from Wiktionary, Creative Commons Attribution/Share-Alike License

  • proper n. A fictional country inhabited by giants, which appears in Jonathan Swift's Gulliver's Travels.


Sorry, no etymologies found.


  • Although they were not as big as those which Gulliver met in Brobdingnag — he defended himself against them with his little sword — they were considerably larger than a normal bee or even a hornet.

    A Different Stripe

  • He is not, for instance, sufficiently one of the ‘little odious vermin’ to make real trouble in Brobdingnag, which would probably get him squashed under a gigantic heel; but he can, while remaining Gulliver, sound off with the most idiotic cant about the supposed virtues of his countrymen.

    Sock Puppet, son of Sock Puppet

  • The King of Brobdingnag is astonished at the multiplicity of religious and political sects in England, and considers that those who hold “opinions prejudicial to the public” (in the context this seems to mean simply heretical opinions), though they need not be obliged to change them, ought to be obliged to conceal them: for “as it was Tyranny in any Government to require the first, so it was weakness not to enforce the second”.

    Politics vs. Literature: An Examination of Gulliver’s Travels

  • These days, there's nowhere left on this planet to halfway convincingly hide (and then discover) a Caprona, an Erewhon, a Brobdingnag.

    "If it takes my whole life, I won't break, I won't bend."

  • Hav joins Shangri-la and Brobdingnag in the atlas of inspiration.

    Visiting a Land Beyond Fodor's Reach

  • Nothing of consequence happens other than a brief visit to Brobdingnag inhabited by a single giant child, a battle with a treacherous general that nods in the direction of Robocop and Iron Man, and the climactic lesson in rock'n'roll that Lilliput needs.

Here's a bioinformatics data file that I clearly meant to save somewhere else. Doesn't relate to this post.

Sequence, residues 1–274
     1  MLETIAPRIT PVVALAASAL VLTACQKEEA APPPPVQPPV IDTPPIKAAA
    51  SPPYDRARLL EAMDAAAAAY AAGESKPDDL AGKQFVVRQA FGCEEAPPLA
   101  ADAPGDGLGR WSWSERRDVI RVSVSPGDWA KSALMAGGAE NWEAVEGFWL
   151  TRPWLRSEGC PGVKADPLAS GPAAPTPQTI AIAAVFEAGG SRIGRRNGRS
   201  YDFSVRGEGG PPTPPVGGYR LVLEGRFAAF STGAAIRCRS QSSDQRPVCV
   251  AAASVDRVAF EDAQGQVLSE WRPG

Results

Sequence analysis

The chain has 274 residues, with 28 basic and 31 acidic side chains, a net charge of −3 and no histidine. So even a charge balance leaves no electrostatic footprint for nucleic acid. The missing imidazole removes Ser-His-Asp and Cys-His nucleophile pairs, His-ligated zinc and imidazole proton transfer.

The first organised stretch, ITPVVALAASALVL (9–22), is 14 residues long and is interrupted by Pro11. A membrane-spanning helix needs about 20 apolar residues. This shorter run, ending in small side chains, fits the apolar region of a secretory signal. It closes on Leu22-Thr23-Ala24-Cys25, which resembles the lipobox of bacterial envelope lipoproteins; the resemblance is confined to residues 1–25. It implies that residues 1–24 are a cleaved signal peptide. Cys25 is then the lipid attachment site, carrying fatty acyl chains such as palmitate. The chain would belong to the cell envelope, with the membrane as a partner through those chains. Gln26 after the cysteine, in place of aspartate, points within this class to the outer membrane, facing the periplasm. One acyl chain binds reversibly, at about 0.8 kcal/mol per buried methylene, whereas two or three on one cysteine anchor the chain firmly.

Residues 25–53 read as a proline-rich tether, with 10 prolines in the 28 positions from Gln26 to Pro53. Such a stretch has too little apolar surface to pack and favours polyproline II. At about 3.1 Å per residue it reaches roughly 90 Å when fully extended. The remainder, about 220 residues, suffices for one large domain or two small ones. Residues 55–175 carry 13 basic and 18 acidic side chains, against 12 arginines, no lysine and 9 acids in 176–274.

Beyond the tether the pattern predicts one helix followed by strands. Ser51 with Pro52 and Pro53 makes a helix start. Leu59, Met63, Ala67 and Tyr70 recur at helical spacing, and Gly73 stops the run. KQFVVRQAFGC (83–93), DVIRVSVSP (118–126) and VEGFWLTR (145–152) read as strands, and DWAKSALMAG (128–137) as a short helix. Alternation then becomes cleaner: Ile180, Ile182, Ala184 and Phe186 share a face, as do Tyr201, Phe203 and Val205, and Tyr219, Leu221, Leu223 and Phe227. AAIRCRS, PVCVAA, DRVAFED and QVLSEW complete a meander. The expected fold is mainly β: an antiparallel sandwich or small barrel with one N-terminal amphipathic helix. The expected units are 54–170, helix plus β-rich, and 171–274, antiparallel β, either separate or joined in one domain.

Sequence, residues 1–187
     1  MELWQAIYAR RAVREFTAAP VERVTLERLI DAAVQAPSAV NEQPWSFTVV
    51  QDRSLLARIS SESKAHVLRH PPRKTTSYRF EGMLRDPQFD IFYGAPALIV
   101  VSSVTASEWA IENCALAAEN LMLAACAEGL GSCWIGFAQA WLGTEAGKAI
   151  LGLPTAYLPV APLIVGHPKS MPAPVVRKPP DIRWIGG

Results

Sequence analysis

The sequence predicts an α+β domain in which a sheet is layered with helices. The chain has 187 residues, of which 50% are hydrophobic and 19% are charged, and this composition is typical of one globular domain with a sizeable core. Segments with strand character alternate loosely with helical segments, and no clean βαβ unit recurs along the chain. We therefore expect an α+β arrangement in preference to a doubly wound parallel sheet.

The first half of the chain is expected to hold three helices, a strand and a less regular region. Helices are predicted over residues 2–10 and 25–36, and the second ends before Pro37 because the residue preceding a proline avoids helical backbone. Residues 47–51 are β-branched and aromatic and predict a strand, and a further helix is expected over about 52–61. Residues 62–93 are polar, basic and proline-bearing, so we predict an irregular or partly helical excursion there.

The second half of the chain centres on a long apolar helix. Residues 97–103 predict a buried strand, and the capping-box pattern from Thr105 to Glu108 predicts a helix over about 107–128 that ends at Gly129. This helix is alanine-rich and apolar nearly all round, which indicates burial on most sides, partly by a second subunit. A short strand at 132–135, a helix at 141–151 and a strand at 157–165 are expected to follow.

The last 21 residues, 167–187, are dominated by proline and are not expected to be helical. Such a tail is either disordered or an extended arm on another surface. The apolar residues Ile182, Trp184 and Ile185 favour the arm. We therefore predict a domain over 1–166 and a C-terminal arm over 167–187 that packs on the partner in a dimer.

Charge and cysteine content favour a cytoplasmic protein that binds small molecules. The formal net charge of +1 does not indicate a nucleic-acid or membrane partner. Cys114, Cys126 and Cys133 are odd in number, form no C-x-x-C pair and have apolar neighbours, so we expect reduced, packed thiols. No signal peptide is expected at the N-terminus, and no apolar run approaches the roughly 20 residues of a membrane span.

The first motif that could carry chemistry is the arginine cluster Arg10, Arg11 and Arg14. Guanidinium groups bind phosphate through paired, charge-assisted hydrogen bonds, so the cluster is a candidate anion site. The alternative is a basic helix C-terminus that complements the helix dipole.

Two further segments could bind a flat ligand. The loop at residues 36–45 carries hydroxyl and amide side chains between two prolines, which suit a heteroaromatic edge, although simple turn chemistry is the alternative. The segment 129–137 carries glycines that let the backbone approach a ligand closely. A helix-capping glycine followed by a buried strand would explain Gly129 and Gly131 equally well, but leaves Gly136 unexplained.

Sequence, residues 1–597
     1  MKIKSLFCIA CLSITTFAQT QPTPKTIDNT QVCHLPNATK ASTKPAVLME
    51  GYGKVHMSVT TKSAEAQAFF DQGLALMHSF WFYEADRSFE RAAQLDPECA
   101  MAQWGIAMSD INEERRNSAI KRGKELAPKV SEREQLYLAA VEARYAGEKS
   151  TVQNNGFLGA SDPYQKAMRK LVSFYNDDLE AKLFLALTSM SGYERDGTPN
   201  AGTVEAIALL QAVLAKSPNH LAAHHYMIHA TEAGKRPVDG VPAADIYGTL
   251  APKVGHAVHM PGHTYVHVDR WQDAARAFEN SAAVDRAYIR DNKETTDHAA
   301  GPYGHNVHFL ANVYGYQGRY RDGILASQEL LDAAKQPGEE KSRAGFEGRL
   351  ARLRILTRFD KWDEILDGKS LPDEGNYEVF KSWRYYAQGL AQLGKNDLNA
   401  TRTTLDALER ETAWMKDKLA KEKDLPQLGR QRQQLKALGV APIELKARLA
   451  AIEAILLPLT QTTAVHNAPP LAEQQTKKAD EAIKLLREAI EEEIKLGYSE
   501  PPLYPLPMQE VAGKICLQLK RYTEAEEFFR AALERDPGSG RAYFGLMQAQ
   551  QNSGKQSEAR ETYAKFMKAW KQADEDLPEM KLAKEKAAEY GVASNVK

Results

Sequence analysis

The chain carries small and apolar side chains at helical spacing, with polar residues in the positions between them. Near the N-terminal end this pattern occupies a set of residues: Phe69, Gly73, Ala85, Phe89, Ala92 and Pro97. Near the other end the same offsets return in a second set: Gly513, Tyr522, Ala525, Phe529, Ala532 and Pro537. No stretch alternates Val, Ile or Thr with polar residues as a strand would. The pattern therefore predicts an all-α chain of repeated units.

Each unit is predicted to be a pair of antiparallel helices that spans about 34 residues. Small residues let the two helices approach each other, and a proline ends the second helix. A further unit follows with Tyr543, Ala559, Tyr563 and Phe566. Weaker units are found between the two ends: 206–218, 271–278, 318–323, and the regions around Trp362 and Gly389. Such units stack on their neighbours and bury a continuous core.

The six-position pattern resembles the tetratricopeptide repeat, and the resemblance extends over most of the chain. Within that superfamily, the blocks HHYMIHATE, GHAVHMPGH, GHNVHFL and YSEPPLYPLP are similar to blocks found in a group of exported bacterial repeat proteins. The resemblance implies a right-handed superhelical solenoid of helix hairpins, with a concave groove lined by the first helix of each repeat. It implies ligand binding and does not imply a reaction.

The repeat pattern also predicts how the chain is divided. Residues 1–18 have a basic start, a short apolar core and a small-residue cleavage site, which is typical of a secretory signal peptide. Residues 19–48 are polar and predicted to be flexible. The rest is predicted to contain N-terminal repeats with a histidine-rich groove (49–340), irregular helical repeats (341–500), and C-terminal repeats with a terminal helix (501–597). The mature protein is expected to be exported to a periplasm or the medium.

Gulliver's Travels – review

  • The film took in just the journeys to Lilliput and Brobdingnag, and a decade passed before I discovered that Gulliver's Travels was a great work of satire that had fallen into the hands of children, and despite being written by a distinguished clergyman it contained much that was considered unfit for the young.

    Gulliver's Travels – review

  • It's not so much that Roberts continues the social commentary of the classic, but it is set about 100 years after Gulliver encounters the little people from Lilliput and Blefuscu, and the giants from Brobdingnag.

    REVIEW: Infinity Plus - The Anthology edited by Keith Brooke and Nick Gevers

  • The 3 worlds were our own, Liliput and Brobdingnag.

    Gulliver's Travels

  • Lilliputia and Brobdingnag were in many ways the weakest sections.

    ana-ng Diary Entry


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  • Brobdingnag is a fictional land in Jonathan Swift's satirical novel Gulliver's Travels occupied by giants. ...

    a land imagined by Jonathan Swift where everything was enormous

    June 22, 2009